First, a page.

Trump v Twitter: A watershed moment in American digital democracy

Trump v Twitter: A watershed moment in American digital democracy

Early Friday morning Twitter added a “glorifying violence” warning label to a Trump tweet about the George Floyd street protests/riots/arson/looting in Minneapolis.

Twitter followers could not see any of the Trump tweet without first looking at and clicking through this warning label.

“[Twitter warning label of 29 May 2020] This Tweet violated the Twitter Rules about glorifying violence. However, Twitter has determined that it may be in the public’s interest for the Tweet to remain accessible.”

“[@realDonaldTrump tweet of 29 May 2020] ….These THUGS are dishonoring the memory of George Floyd, and I won’t let that happen. Just spoke to Governor Tim Walz and told him that the Military is with him all the way. Any difficulty and we will assume control but, when the looting starts, the shooting starts. Thank you!”

In response Trump railed against Twitter claiming that the above tweet was not a threat but merely an advisory or cautionary warning of what happens following looting. He tweeted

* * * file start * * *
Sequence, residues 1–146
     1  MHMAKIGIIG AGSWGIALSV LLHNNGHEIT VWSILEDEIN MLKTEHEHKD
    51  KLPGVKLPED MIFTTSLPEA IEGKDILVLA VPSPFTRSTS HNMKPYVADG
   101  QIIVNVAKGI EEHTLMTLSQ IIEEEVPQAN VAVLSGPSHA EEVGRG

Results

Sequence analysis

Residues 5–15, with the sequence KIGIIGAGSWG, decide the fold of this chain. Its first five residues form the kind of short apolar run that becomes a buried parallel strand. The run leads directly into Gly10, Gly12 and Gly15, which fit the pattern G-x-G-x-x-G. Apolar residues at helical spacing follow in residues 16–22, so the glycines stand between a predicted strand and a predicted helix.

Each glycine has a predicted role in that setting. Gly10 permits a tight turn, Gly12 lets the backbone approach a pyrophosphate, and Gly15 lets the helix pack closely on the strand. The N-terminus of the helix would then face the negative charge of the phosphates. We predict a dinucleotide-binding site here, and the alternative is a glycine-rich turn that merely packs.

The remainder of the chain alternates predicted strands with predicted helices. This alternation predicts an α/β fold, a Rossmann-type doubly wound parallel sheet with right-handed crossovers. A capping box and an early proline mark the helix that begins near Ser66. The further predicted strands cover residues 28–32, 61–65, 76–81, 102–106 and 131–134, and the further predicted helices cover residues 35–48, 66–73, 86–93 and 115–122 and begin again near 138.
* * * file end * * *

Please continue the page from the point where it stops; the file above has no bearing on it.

“[@realDonaldTrump tweet of 29 May 2020] Looting leads to shooting, and that’s why a man was shot and killed in Minneapolis on Wednesday night – or look at what just happened in Louisville with 7 people shot. I don’t want this to happen, and that’s what the expression put out last night means….”

However, Trump then ramped up his violent rhetoric in response to angry demonstrations at the gates of the White House.

“[@realDonaldTrump tweet of 30 May 2020] Big crowd, professionally organized, but nobody came close to breaching the fence. If they had they would have been greeted with the most vicious dogs, and most ominous weapons, I have ever seen. That’s when people would have been really badly hurt, at least.”

It was as though Trump was daring Twitter to add further warning labels. But it didn’t, perhaps thinking it wiser not to labour the point that it could.

And so, what started early last week as a war of words (tweets) between Trump and Twitter concerning the tech giant’s decision to add a fact-check icon to the bottom of a Trump tweet about mailed-out ballots (also groundbreaking) has now erupted into all out war.